: Sandman's Goodnight Stories
One morning a little Dewdrop was resting on the petal of a wild rose
that grew beside a river.
The sun shining on it made it glisten like a diamond and a lady who was
passing stopped to admire its beauty.
"It is the most beautiful thing in the world," she remarked. "See the
colors in that tiny little drop. Isn't it wonderful?"
"Wonderful," repeated the Dewdrop when the lady h
d walked away. "If I
were like the river I might be wonderful; it is too bad; here I am
sitting here while the river can run on and on and see all the sights.
It bubbles and babbles as it goes, and that is worth while. I have
never a chance to be wonderful. Oh, if I were only in the river water
I might be something."
Just then a breeze passing heard the little Dewdrop's wish.
"You shall have your wish, foolish Dewdrop," she said, blowing gently
on the rose, which swayed, and off went the little Dewdrop into the
"This is like something, being a part of this river," said the Dewdrop
as it mingled its tiny drop with the running river. "Now I am worth
admiring and can see something of the world."
On and on it ran with the water of the river, but it was no longer a
Dewdrop; it was a part of the river.
"I wish I could stop for a minute so some one might admire me," said
the silly little drop, for it thought it could still be seen and was
making all the babbling it heard as the river ran along.
But no one admired it, nor did it stop. On went the river to a larger
river, and by and by it came to the bay and the Dewdrop went rolling
into it with the other water.
"Surely I am greater now than ever and worth admiring," thought the
drop, but it heard no sweet words such as the lady spoke of the little
Dewdrop on the rose by the river.
The bay mingled at last with the ocean and little Dewdrop knew at last
that it was no longer a thing to be admired for itself alone, but a
part of the great ocean. It was completely lost in the vastness of the
mighty waters of which it was only a drop.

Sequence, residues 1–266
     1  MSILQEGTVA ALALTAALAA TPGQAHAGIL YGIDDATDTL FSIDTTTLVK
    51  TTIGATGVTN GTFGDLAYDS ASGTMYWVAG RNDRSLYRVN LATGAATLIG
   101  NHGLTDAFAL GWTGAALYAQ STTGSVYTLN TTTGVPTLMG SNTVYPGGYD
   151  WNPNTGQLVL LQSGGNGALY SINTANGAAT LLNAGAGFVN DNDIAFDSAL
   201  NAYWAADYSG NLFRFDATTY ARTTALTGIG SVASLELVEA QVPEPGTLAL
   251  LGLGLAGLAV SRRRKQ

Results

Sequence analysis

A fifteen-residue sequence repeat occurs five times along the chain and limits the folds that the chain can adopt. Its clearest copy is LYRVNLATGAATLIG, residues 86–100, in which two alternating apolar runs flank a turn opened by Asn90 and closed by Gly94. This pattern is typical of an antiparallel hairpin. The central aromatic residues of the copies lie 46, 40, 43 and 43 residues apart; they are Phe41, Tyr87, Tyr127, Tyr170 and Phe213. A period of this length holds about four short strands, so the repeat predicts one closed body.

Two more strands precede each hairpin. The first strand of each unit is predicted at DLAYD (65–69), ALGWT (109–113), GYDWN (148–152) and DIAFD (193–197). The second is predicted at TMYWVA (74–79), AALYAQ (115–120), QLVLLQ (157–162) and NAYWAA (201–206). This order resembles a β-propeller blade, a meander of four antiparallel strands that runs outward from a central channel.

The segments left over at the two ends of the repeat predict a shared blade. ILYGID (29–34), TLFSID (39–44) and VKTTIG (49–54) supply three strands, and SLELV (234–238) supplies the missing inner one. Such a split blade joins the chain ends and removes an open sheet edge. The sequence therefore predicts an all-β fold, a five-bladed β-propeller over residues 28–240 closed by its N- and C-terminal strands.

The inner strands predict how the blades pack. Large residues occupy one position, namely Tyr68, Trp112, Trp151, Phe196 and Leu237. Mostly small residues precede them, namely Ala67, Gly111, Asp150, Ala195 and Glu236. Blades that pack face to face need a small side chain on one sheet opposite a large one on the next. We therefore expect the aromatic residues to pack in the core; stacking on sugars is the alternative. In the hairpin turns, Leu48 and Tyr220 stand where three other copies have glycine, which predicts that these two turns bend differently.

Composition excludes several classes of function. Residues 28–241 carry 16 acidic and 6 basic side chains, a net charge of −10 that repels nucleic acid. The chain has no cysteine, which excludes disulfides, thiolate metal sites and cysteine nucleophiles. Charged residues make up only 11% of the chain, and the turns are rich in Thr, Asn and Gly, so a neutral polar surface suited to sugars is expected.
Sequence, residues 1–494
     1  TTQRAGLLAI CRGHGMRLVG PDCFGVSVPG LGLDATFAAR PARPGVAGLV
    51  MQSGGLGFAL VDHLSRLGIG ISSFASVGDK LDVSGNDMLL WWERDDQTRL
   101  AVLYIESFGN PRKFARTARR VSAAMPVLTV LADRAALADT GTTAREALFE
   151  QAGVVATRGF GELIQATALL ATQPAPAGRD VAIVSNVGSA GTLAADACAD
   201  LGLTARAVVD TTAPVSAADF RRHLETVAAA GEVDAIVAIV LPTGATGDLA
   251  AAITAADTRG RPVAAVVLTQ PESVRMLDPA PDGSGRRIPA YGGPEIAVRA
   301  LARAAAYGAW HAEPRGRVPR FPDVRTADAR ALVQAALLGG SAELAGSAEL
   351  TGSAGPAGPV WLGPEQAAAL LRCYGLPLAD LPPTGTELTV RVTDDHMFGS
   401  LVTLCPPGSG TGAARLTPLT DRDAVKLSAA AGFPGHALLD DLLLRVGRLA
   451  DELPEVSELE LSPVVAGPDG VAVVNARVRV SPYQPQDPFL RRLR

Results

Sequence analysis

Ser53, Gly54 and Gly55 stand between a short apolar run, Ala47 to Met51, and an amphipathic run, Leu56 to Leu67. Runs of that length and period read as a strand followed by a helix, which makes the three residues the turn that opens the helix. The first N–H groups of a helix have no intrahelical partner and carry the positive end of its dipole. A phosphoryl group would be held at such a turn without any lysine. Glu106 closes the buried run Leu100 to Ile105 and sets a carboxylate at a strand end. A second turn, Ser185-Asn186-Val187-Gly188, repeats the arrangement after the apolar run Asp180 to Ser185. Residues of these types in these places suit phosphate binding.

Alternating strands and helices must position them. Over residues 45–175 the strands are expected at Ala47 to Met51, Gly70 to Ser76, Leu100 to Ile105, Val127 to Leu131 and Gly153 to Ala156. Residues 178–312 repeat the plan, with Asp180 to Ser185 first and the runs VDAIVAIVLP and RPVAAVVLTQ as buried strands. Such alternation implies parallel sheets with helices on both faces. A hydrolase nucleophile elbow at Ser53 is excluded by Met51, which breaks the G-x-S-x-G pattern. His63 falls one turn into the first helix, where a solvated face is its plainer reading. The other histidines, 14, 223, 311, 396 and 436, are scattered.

The breeze went whispering over it, calling, "Little Dewdrop, little
Dewdrop, where are you?"
But the drop answered never a word. It did not even hear the gentle
voice of the breeze, so loud was the roar of the ocean.
"Come away," called a loud wind to the gentle breeze; "that is no place
for you. I must blow here and make the waves high, and you will never
find your little Dewdrop. It has been swallowed long ago by the ocean.
Go back to your river and tell the other Dewdrops the fate of their
The gentle breeze went away and the loud wind swept the ocean, making
the waves high and the roar louder and louder. The little Dewdrop was
there somewhere in the great whole, but it was lost forever in its
longing to become great.
The gentle breeze went back to the river, and as she sighed around the
rose where the discontented Dewdrop had rested she heard another drop
"Look at the river. Isn't it big? Here am I only a Dewdrop, so small
no one can see me."
"Ah, that is where you are mistaken, my dainty Dewdrop," said the
gentle breeze. "You can be seen now, but if you were to become a part
of the river you would never be seen. You would lose your identity as
soon as you mingled with the waters of the river. Be your own sweet
self and be content with the part you play in this world. You are
helping to make it more beautiful by your own dainty beauty. Do not
wish to do what only seems a greater thing."
And then she told the fate of the discontented Dewdrop that had wished
to become great and how at last it was swallowed by its own greatness,
and its dainty beauty which had been so admired no longer remained.
"Be content with the small but beautiful part you play in this world,"
she told the drop, "and do not long for a greatness which may result in